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HANGAR TALK


Vector Aerospace Welcomes David George as Sales & Service Manager for Military Programs


Aerospace Corporation one of the world’s leading independ- ent providers of aviation main- tenance, repair and overhaul (MRO) services is pleased to announce the appointment of David George as Sales & Service Manager for Military Programs. “David George offers opera- tors a global network of industry resources and an in-depth understanding of the needs of the helicopter industry,” says Ronnie Kearns, Vector’s director of business development for mil- itary programs. “David served 12 years on flight status with the U.S. Army, where he was assigned positions as aviation operations officer and safety officer; and he is a graduate of the Army Aviation Safety Officer Course. Additionally, David has a wealth of experience working with various US and foreign mil- itary agencies where he directly assisted in areas of operational fleet enhancement. These expe-


riences, coupled with a history of thirty-five years of rotorcraft operations make David George an ideal candidate for this posi- tion and a valuable asset to the company.” Prior to joining Vector, George served as Director of Technology and Business Development for a leading aerospace manufacturer where he was responsible for develop- ing new market segments, terri- tories and strategies, and assist- ing with new product develop- ment and integration. George also held key execu- tive / operational roles in which he was responsible for design management, development, certification and market inte- gration of a new line of prod- ucts based on licensed NASA technology to enhance rotor- craft performance; resulting in several Federal Aviation Administration certified prod- ucts for the aviation industry. As a member of Helicopter Association International and the American Helicopter Society’s executive; George served on numerous national and international industry committees; he has served on the US Federal Government’s Interagency Committee for Aviation Policy (ICAP), and from 1994-1996, he served as a member of the Olympic Aviation Committee where he was responsible for aviation sys- tem planning to host the Olympic Games in Atlanta, GA. George holds Airline


Transport Pilot and Instructor ratings, and has personally accumulated over eight thou- sand rotorcraft flight hours in eighteen different models of civil aircraft. ◆


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minimum of nine hours off between shifts. Currently they may have as few as eight. 2. Controllers will no longer be able to swap shifts unless they have a minimum of 9 hours off between the last shift they worked and the one they want to begin.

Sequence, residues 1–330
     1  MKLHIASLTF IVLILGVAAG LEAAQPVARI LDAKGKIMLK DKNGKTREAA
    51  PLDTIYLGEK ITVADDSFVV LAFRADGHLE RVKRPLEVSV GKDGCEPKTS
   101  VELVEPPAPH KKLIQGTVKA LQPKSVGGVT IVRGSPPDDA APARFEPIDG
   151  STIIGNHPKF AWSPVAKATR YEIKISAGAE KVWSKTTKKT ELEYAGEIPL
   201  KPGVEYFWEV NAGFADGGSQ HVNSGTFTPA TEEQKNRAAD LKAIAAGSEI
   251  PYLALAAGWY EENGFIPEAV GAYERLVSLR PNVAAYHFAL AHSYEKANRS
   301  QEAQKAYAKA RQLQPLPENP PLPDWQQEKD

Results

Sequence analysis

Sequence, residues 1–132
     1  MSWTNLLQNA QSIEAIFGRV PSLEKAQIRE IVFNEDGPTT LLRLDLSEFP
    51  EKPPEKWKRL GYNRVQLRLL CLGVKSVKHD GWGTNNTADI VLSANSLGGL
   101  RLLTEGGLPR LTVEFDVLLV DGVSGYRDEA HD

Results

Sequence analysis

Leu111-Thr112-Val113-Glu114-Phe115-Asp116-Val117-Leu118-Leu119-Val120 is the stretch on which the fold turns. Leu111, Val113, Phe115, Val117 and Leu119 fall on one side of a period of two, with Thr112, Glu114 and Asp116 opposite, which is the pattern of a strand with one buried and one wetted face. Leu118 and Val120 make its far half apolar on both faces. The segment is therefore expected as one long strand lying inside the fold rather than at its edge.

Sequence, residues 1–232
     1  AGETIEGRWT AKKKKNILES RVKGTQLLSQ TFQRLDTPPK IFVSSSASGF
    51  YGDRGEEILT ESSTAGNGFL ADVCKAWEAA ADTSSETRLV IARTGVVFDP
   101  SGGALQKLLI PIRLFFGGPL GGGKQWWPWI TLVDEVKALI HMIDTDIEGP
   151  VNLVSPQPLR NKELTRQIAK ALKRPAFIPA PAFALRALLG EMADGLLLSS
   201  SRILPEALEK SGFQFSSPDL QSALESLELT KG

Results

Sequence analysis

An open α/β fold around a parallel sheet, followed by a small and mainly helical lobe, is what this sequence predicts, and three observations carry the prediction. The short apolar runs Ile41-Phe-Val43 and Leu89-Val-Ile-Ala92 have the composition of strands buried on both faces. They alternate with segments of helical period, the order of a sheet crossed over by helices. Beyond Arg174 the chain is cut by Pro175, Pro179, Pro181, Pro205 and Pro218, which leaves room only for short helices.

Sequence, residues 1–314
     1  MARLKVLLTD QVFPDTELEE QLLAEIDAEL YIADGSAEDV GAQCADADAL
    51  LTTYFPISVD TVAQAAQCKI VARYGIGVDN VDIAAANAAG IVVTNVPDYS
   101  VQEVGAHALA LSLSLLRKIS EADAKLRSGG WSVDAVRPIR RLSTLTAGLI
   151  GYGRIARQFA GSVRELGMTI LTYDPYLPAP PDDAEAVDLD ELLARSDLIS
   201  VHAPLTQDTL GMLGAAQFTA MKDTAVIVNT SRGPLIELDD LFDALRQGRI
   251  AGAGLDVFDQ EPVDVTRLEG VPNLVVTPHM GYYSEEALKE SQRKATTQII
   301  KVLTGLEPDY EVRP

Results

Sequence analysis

FAA – Takes Swift Action to Enhance Safety of ATC Operations


Secretary of Transportation Ray LaHood and Federal Aviation Administration Administrator Randy Babbitt recently announced changes to air traffic controller scheduling practices that will allow con- trollers more time for rest between shifts. “We expect controllers to come to work rested and ready to work and take personal responsibility for safety in the control towers. We have zero tolerance for sleeping on the job,” said Secretary of Transportation Ray LaHood. “Safety is our top priority and we will continue to make what- ever changes are necessary.” “Research shows us that giv- ing people the chance for even an additional one hour of rest during critical periods in a schedule can improve work per- formance and reduce the potential for fatigue,” said FAA Administrator Randy Babbitt. “Taking advantage of the time you have to rest is also a profes- sional responsibility.” The new scheduling rules


have already been put in place and will be fully in effect by the end of the week: 1. Controllers will now have a


3. Controllers will no longer be able to switch to an unsched- uled midnight shift following a day off.


4. FAA managers will schedule their own shifts in a way to ensure greater coverage in the early morning and late night hours.


Over the course of the com- ing weeks, they will visit air traf- fic facilities in and around the following cities: Atlanta; Dallas- Ft. Worth; Kansas City; Chicago; New York; and Washington, DC. The two will also visit the air traffic control- training academy at the Mike Monroney Aeronautical Center in Oklahoma City.


Senior members of both FAA


and NATCA leadership teams will also be visiting additional FAA facilities nationwide over the next few weeks.


In addition to changes in scheduling practices, the Call to Action effort will include the development of a fatigue educa- tion program to teach con- trollers the risks of fatigue and how to avoid it. The FAA will also commis- sion an independent review of the air traffic control-training curriculum and qualifications to make sure new controllers are properly prepared. NATCA will expand its own


Professional Standards program nationwide, which focuses on peer-to-peer education for


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